F.I.N.S. will provide girls with hands-on experience in marine science as shark research volunteers with SRC.
F.I.N.S. provides girls with hands-on experience in marine science as shark research volunteers with SRC. During their day of shark tagging, girls will be extensively involved in the research, helping the SRC crew set and pull in drumlines, and assisting in shark workups, which involves inserting a tag, taking length measurements, and snipping off a tissue sample. These data will inform future conservation and management practices, adding to the research of UM Rosenstiel School shark biologist Neil Hammerschlag, director of the SRC.
“We recognize that today’s students are the scientists and conservationists of tomorrow, and we need our nation’s girls to be part of the next generation’s problem solvers.” said Julia Whidden, a recently finished Fulbright Scholar with SRC and co-founder of F.I.N.S. “We have developed F.I.N.S. to address the gender disparity in STEM fields, the lack of opportunity for young people to engage with nature, and to stimulate public interest in our oceans.”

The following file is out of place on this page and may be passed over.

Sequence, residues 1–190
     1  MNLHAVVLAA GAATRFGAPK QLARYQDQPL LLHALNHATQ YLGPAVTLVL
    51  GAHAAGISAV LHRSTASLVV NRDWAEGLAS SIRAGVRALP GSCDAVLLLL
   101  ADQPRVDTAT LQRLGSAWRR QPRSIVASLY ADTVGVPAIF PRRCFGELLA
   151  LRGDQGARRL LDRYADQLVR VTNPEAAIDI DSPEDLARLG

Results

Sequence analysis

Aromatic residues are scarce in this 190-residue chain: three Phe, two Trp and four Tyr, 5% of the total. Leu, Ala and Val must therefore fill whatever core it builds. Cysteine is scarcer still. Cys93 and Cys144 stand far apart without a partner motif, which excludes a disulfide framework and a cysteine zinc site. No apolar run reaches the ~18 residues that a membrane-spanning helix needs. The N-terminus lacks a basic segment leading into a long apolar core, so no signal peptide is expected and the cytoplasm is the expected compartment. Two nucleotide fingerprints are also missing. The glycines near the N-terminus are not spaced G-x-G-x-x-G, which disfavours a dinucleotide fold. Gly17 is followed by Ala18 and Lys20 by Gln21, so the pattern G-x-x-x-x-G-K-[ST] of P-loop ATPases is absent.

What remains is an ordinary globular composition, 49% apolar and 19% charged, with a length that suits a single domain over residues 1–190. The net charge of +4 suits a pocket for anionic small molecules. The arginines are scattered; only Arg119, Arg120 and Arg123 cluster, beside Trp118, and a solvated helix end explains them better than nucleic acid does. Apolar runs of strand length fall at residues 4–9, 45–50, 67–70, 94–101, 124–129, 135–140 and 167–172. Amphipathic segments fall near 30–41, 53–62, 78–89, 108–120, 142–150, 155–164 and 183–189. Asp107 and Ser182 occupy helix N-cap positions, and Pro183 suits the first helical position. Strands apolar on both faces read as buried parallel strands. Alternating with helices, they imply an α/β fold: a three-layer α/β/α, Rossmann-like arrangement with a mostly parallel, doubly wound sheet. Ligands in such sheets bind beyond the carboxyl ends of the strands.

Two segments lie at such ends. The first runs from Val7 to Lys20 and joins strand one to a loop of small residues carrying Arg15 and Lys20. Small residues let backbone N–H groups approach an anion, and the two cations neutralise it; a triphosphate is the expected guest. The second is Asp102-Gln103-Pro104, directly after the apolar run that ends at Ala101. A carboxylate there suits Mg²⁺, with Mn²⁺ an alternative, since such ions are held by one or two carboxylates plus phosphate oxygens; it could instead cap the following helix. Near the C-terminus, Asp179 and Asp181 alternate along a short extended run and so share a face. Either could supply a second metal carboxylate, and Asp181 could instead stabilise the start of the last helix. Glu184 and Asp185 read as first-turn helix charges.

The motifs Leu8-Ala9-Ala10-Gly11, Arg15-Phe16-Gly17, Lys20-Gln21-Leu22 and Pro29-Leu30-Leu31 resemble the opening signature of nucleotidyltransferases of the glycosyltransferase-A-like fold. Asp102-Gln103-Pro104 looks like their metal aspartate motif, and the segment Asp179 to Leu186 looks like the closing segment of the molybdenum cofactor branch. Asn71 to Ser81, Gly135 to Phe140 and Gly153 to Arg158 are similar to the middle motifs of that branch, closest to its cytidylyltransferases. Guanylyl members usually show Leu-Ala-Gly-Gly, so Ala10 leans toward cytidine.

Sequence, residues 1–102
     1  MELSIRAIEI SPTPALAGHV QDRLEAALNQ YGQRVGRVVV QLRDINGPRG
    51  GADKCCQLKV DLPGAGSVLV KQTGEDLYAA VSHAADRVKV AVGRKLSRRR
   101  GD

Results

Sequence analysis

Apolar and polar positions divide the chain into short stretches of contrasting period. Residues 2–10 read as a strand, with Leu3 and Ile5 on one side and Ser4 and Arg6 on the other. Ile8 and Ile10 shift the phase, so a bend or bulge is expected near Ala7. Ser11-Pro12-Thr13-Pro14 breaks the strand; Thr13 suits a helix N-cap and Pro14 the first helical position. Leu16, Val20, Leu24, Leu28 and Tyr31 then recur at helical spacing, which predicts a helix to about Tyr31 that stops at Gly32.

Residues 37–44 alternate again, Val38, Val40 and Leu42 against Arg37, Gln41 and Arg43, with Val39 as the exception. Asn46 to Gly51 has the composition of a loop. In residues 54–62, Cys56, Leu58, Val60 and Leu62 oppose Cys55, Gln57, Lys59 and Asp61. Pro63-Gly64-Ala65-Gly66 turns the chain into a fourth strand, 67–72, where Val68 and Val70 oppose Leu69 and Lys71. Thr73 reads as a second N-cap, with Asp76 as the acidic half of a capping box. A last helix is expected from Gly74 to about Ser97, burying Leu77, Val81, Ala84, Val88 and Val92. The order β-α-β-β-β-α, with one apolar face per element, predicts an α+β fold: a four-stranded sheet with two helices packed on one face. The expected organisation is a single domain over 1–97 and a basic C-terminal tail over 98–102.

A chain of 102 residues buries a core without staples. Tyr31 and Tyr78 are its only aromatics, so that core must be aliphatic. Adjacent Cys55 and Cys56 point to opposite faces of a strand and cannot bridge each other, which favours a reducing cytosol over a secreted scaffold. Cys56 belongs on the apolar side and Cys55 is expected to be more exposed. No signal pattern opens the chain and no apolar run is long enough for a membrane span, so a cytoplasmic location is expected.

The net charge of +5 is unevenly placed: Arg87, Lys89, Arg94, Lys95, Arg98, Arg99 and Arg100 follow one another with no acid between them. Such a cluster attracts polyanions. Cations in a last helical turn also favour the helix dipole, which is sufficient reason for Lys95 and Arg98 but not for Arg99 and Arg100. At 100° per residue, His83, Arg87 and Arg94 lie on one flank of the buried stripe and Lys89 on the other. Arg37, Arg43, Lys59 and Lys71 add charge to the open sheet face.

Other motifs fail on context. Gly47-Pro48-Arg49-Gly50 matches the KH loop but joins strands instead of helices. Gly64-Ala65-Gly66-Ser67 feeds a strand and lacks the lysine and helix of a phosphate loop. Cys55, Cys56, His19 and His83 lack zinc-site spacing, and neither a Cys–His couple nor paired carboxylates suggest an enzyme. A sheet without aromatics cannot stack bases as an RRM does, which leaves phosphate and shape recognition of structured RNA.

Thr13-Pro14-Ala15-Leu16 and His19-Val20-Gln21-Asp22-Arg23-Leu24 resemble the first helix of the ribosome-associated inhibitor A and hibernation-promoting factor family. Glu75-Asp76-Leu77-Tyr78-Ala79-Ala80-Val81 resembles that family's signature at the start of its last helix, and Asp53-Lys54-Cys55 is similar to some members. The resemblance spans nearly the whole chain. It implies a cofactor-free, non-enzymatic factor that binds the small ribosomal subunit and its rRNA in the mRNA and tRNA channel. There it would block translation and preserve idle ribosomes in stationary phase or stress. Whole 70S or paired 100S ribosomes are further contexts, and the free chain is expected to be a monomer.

F.I.N.S. is an extension of Dr. Hammerschlag’s existing community outreach program that engages over 1000 students from a variety of public and private high schools in Miami-Dade County each year. “Research has shown that participating in hands-on, real-world learning experiences increases student engagement in science and the likelihood that they will continue their studies in STEM fields, which is a national educational priority,” said Dr. Hammerschlag. A number of studies suggest that the United States must produce one million more STEM graduates than are projected to graduate over the next decade in order to maintain its historic pre-eminence in the STEM fields. The need for impactful STEM-related programs is particularly acute in Miami-Dade County, where 59 percent of students in the public school system (the nation’s fourth largest) are eligible for free/reduced lunch.